New research apparently shows that women evolved extra vertebrae to deal with upright walking and pregnancy. But, does it really show that? I say, “No,” at least not by modern evolutionary theory.
MET is based on directionless modification with selection pressures acting on those modifications. That is not, however, what we are seeing here:
Working at the University of Texas with Liza Shapiro, an associate professor of anthropology who studies the primate spine, Dr. Whitcome found that the differences between male and female spines do not show up in chimpanzees. That suggested that the changes occurred in response to the problems caused by walking upright.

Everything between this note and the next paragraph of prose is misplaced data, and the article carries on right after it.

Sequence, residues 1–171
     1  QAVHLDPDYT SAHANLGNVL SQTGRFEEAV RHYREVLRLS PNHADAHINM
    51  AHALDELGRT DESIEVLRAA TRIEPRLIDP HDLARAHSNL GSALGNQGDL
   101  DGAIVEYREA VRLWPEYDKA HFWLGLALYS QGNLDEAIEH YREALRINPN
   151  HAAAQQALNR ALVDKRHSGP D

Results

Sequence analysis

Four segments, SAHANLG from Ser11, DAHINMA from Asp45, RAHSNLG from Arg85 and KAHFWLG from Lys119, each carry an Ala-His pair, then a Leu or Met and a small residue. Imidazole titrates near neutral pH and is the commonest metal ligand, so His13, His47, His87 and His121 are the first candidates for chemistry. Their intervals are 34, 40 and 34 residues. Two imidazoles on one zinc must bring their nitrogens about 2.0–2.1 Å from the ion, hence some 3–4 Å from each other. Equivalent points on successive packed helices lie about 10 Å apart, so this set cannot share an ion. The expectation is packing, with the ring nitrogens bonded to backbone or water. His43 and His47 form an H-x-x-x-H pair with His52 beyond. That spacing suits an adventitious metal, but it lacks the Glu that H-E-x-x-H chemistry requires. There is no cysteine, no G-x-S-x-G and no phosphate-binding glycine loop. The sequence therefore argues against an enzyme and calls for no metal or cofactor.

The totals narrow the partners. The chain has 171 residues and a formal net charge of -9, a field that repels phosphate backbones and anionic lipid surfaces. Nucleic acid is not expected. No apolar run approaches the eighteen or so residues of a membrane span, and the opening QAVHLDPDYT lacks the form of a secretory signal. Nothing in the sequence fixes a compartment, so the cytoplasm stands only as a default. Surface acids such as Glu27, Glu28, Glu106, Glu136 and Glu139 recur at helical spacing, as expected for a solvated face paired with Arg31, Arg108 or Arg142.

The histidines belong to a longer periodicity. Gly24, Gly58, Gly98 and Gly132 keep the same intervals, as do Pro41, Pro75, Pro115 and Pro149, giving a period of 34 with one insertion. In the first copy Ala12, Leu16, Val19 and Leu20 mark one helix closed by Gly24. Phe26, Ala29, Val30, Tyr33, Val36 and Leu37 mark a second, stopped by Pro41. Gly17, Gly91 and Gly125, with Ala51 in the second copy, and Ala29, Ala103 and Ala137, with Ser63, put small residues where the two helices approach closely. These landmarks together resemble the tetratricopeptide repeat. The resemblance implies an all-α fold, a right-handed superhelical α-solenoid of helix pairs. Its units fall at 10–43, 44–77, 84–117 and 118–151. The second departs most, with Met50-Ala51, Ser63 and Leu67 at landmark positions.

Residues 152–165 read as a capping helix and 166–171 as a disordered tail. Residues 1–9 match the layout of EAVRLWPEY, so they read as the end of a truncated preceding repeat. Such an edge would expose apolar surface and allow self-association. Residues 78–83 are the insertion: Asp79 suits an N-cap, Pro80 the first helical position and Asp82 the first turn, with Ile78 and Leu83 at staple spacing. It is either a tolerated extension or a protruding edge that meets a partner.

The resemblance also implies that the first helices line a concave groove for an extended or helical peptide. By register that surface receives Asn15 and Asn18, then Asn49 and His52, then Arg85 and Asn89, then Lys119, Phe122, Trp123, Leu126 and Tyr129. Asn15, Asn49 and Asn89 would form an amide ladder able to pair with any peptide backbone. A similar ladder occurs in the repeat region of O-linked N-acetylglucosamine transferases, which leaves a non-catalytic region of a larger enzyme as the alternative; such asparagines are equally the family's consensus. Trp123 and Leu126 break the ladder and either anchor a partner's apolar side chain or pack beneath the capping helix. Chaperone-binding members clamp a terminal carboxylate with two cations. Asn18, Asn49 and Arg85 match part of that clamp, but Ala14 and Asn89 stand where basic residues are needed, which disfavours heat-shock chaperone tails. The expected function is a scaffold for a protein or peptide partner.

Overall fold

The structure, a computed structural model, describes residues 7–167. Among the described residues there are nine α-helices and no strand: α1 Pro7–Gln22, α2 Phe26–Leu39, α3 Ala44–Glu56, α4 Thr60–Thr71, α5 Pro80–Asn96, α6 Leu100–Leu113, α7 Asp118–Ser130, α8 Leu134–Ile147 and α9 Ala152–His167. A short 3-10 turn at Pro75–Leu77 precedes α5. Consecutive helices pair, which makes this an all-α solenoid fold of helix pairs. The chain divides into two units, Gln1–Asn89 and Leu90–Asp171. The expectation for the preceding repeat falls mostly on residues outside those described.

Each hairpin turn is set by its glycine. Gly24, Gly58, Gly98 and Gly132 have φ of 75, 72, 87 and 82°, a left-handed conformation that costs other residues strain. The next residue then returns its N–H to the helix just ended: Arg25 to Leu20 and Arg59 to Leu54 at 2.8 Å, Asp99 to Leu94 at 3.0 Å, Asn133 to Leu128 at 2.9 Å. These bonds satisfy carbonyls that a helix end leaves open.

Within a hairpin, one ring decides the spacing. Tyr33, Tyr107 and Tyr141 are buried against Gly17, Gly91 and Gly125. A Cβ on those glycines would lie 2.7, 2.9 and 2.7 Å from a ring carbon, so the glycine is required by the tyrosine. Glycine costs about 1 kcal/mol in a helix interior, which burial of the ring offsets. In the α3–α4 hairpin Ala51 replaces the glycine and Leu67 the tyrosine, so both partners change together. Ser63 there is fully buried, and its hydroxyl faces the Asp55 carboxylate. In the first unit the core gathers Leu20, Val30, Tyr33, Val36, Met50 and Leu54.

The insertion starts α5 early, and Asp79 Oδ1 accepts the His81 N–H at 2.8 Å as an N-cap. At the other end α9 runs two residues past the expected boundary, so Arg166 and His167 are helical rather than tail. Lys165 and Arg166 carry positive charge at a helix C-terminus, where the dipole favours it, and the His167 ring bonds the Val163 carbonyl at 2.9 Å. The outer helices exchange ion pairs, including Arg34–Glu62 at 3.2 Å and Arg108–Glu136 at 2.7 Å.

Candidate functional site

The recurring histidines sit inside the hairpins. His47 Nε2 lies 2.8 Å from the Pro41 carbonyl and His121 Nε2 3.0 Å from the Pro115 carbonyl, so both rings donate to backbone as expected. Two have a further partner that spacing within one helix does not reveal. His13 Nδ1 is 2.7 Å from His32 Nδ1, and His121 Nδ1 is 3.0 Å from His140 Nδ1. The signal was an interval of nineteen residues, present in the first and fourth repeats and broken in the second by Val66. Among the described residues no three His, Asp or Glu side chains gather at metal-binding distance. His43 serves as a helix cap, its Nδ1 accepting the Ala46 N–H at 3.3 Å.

The changes occurred in response to walking upright? Well, then that would not be directionless, but directed. This is not evolution in action, it is ID science. Purely directionless modifications would have happened regardless of what the need was. Yet, that’s clearly not what happened here. It’s as if the mechanism of change sensed the problem and then overcame it. This is not directionless activity, but directed. And, the best inference here is that an intelligent agent was responsible for the change. ID science is the better explanation.